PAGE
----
Xbox: Smells like a PC. There were a few tricks you could dig into to push the machine. But, for the most part it was enough of a blessing to have a single, consistent PC spec to develop against. The debugger worked! It really, really worked! PIX was hand-delivered by angels.

Xbox 360: Other than the big-endian thing, it really smells like a PC –until you dug into it. The GPU is great –except that the limited EDRAM means that your have to draw your scene twice to comply with the anti-aliasing requirement? WTF! Holy Crap there are a lot of SIMD registers! 4 floats x 128 registers x 6 registers banks = 12K of registers! You are handed DX9 and everything works out of the box. But, if you dig in, you find better ways to do things. Deeper and deeper. Eventually, your code looks nothing like PC-DX9 and it works soooo much better than it did before! The debugger is awesome! PIX! PIX! I Kiss You!

PS3: A 95 pound box shows up on your desk with a printout of the 24-step instructions for how to turn it on for the first time. Everyone tries, most people fail to turn it on. Eventually, one guy goes around and sets up everyone else’s machine. There’s only one CPU. It seems like it might be able to do everything, but it can’t. The SPUs seem like they should be really awesome, but not for anything you or anyone else is doing. The CPU debugger works pretty OK. There is no SPU debugger. There was nothing like PIX at first. Eventually some Sony 1st-party devs got fed up and made their own PIX-like GPU debugger. The GPU is very, very disappointing… Most people try to stick to working with the CPU, but it can’t handle the workload. A few people dig deep into the SPUs and, Dear God, they are fast! Unfortunately, they eventually figure out that the SPUs need to be devoted almost full time making up for the weaknesses of the GPU.

He later edited the post to add the following:

This has picked up a lot more attention than I expected when I tossed it together! I’ll add that even though I give Sony a hard time, I really do enjoy pounding on their machines. Sony consoles have always been a challenge. But, if you are willing to work with them instead of against them, they love you back tenfold.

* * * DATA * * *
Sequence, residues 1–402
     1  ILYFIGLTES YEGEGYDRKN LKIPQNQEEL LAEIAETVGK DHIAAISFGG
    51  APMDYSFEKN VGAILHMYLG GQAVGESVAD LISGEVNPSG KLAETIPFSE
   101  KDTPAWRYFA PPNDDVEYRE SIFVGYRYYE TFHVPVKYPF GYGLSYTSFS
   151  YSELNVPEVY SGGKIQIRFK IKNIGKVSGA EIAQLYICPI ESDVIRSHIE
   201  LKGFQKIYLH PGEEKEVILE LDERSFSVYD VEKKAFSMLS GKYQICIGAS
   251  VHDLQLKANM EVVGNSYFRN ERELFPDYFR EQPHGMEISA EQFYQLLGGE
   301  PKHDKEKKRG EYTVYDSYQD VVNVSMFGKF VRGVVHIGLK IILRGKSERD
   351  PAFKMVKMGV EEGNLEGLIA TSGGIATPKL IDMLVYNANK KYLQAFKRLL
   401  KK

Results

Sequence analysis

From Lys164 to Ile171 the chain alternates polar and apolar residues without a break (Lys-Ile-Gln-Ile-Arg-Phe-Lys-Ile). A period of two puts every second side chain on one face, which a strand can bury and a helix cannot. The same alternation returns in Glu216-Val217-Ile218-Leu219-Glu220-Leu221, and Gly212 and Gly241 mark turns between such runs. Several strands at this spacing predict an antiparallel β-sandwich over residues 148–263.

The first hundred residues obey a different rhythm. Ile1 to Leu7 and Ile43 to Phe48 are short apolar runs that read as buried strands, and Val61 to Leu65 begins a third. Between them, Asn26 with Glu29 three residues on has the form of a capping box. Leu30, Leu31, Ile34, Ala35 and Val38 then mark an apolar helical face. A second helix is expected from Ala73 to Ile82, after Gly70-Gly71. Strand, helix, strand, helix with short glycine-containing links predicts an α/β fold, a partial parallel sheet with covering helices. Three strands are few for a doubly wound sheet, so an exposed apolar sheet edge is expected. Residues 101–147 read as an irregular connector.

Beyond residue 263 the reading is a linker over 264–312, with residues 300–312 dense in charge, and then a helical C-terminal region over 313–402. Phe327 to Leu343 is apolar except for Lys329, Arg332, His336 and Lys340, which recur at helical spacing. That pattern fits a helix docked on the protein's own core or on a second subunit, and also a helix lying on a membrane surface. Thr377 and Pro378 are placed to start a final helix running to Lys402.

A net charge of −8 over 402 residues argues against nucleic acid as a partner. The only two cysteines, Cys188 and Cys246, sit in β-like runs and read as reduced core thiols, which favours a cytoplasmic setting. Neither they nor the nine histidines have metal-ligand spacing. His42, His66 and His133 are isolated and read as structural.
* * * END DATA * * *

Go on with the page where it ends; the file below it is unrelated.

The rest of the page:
GamesBeat reached out to Bloyd to confirm that he is a developer and for specifics on some of the studios he’s worked for.

His work began as an intern at High Voltage Software where he handled his first PlayStation dev kit. After eight years there, Bloyd moved to LucasArts where he was the senior graphics engineer for Star Wars: The Force Unleashed. His work included three years of PlayStation 3 and Xbox 360 development.

Things became rough for LucasArts, and many of the employees left with a handful of them forming MunkyFun. Bloyd has been at the developer for the last three years. While the company’s original goal was to create Xbox Live Arcade and PlayStation Network games, it found that the mobile market offered opportunities more suited for the small team.

According to Bloyd, “all of the platforms have their issues and oddities.” If he had to choose the easiest console to develop for, however, it would be the original Xbox while the PlayStation 2 was the most difficult.

“Developers like to complain about the PS3, but we know it’s actually a breeze compared to what the PS2 demanded,” he says, but, “in the end, what it really comes down to is how well positioned you are to devote yourself to a platform.”

Porting a game from one console to another can be a headache for developers, too. “If your plan is to pop in and get something pre-existing to just ‘run there, too,’ you’re going to have a bad time. However, if your company can have the focus and flexibility to design for the platform’s constraints instead of around them, beautiful things can happen,” says Bloyd.

He concludes by stating, “Focusing simultaneously on multiple platforms is difficult and often frustrating. But, it’s what I’ve always done, and I find it very rewarding.”